Five (More) Beautiful Buildings Atlanta Destroyed
Fulton County Courthouse
Built in 1881 at the corner of Hunter Street (now Martin Luther King, Jr. Drive) and Pryor Street, the county’s second courthouse building was designed by the architectural firm of Perkins & Bruce. It was demolished in 1911 to make way for a new courthouse at the same location.
Located on Peachtree Street in downtown Atlanta, the Howard Theater opened December 13, 1920. It was designed by the architectural firm of Hentz, Reid & Adler and decorated by W. E. Browne. In 1930, the name changed to the Paramount Theater. The building was demolished in 1960 and replaced with a building which was also demolished. Today the site is empty.
The Peachtree Arcade, Atlanta’s first enclosed shopping mall, was designed by A. Ten Eyck Brown and was completed in 1917. It featured Beaux-Arts style facades that opened onto both Peachtree and Broad Streets. Inside, the building featured a three-tiered corridor of shops covered by an iron and glass ceiling. The building was demolished in 1964 to make way for the First National Bank of Atlanta (now the State of Georgia Building).
Grand Opera House
The Grand Opera House was built on Peachtree Street in 1893 by Laurent DeGive as a larger and more elaborate successor to the DeGive Opera House located on the corner of Marietta and Forsyth Streets. The Grand came under the management of Marcus Loew’s Theater organization in 1916. In 1932, in order to compete with movie theaters, the Loew’s Grand Theater was renovated by architect Thomas W. Lamb. The one screen theater had 2088 seats. The theater was the site of the movie premiere of Margaret Mitchell’s Gone with the Wind in 1939. The theater closed in 1977 and caught fire January 30, 1978. The damage led to the demolition of the historic venue. The Georgia-Pacific Tower occupies the site today.
1895 Cotton States and International Exposition Buildings
The Cotton States and International Exposition was an event that took place during the fall of 1895 in Atlanta’s Piedmont Park. The Exposition was meant to foster trade between southern states and South American nations and to exhibit the resources of the region to the world. Most of the buildings constructed for the exposition were meant to be temporary and were demolished after the exposition concluded and sold for scrap. In 1904, the city of Atlanta purchased Piedmont Park from the Piedmont Park Exposition Company and extended the city limits north to include the park.
Five Beautiful Buildings Atlanta Destroyed
Atlanta has an unfortunate tendency to pave over her history in the name of progress. Because of this tendency, we’ve lost some truly remarkable structures. We wanted to take a look back at some of those losses, so we decided to ask Atlanta History Center staff members to name five of Atlanta’s most significant casualties.
Atlanta Terminal Station
Located on Spring Street, Atlanta’s Terminal Station was designed by P. Thornton Marye, whose firm also designed the Fox Theater. Completed in 1905, the Beaux-Arts style reinforced concrete structure was razed in 1971. A portion of the site is now occupied by the Richard B. Russell Federal Building.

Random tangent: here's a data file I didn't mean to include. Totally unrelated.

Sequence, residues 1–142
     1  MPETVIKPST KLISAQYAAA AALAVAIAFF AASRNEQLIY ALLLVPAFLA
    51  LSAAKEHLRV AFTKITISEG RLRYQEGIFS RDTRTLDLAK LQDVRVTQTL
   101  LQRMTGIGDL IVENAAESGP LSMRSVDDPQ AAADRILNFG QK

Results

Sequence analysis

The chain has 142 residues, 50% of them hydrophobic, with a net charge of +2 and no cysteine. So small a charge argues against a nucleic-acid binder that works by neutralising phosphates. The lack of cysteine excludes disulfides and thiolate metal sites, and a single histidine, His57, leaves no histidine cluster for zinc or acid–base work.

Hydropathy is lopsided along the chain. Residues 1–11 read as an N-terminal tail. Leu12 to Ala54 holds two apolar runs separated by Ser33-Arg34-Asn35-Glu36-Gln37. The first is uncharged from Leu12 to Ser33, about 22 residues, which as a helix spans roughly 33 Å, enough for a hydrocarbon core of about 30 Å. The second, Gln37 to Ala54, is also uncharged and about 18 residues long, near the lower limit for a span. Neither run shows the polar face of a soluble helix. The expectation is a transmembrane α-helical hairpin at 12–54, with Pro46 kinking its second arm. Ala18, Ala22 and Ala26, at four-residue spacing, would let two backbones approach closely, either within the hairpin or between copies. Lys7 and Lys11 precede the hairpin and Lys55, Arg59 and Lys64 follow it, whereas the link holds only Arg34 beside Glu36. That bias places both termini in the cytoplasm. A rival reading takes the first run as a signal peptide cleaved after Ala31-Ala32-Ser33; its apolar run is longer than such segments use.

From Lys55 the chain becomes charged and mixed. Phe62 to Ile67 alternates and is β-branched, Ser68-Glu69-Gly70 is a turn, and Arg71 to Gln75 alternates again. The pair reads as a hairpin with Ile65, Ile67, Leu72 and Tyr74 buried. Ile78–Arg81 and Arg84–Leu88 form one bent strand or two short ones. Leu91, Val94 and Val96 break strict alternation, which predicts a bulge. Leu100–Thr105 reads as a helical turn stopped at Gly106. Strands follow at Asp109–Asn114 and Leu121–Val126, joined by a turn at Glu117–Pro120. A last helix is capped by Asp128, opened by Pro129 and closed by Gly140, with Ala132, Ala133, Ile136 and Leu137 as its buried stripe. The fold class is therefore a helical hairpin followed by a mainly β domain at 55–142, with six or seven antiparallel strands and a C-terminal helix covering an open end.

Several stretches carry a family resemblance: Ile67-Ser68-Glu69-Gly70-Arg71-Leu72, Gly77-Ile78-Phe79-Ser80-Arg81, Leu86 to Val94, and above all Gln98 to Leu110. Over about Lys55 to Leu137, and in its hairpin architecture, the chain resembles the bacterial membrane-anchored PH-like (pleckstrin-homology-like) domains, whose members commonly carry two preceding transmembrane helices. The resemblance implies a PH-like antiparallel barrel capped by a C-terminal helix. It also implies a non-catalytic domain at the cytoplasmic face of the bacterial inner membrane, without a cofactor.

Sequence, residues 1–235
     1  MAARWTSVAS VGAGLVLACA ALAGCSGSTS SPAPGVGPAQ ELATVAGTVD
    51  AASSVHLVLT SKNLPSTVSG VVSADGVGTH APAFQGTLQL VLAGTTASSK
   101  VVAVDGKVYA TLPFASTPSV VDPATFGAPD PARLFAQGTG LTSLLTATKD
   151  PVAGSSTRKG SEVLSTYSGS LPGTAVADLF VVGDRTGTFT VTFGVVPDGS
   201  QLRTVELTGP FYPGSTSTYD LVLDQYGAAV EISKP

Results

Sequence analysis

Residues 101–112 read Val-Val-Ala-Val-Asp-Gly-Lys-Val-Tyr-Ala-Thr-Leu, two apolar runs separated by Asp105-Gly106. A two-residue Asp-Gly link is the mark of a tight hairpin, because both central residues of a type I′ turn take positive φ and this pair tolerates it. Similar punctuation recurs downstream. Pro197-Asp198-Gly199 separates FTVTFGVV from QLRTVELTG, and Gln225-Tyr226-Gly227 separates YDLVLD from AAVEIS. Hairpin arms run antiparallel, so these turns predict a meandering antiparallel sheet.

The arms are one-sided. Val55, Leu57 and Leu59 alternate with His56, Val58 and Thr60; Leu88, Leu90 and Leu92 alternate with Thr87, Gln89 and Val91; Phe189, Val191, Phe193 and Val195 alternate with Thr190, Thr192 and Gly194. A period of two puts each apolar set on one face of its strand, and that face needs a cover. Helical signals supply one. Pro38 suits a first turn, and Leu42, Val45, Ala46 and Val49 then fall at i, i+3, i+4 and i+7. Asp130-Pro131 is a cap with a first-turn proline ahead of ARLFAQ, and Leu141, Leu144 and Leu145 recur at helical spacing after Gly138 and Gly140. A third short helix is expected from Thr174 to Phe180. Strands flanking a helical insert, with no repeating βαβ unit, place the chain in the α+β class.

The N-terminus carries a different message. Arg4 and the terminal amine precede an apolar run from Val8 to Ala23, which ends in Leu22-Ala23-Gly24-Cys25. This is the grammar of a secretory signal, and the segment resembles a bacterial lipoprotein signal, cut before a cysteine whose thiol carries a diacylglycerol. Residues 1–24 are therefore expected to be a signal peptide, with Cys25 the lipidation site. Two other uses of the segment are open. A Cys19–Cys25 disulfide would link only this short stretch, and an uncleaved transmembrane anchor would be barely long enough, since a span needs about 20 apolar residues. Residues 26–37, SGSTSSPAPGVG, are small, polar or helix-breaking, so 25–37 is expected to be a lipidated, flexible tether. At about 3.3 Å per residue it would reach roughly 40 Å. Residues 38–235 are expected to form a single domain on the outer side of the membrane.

Atlanta’s Equitable Building was designed by John Wellborn Root and was completed in 1892. Built in the Chicago School style, it was considered Atlanta’s first skyscraper. Located on Edgewood Avenue, the structure was demolished in 1971 because some felt it blocked the view of the new Trust Company building constructed nearby.
The Second Kimball House
After the first Kimball House burned in 1883, a second Kimball House opened for business on New Year’s Day in 1885. Located on the south-southeast corner of Five Points, the impressive structure was demolished in 1959 to make way for a parking deck which still stands.
U.S. Customs House
Located on Marietta Street, Atlanta’s U.S. Post Office and Customs House opened in 1878. The structure was used as Atlanta City Hall from 1911 to 1930 when it was demolished.
Located on Peachtree Street, the Piedmont Hotel was built in 1903. Designed by W. F. Denny, architect of Rhodes Hall and the Kriegshaber House (now Wrecking Ball Brewpub), the hotel was demolished in the 1960s to make way for the Equitable Building.
To celebrate Halloween, we combed through the archives searching for Atlanta’s spookiest mansions. Sadly, none of the houses remain standing today.
Houses in order of appearance:
George L. King House - Undated
Georgia Governor’s Mansion - c. 1905
William R. Hill House - c. 1878
Dr. John R. Hopkins House - c. 1920
Benjamin F. Abbott House - c. 1895
Mrs. Augustus M. Robinson House - c. 1895
1960s view of the Trust Company of Georgia building on Monroe Drive. Designed by Atlanta’s own Henri Jova, the building was featured in TIME magazine shorty after construction. It was places on the Atlanta Preservation Center’s endangered list in 2003 and 2009.
Governor’s Mansions in Atlanta
In 1870, the state purchased the John James residence at the corner of Peachtree and Cain Streets for use as the Governor’s residence (top). The grand Victorian mansion was demolished in 1923. In 1925, the state acquired the home of Edwin Ansley, located at The Prado in Ansley Park (middle). The mansion was demolished in 1968. The current Governor’s Mansion, completed in 1968, is located at 391 West Paces Ferry Road (bottom).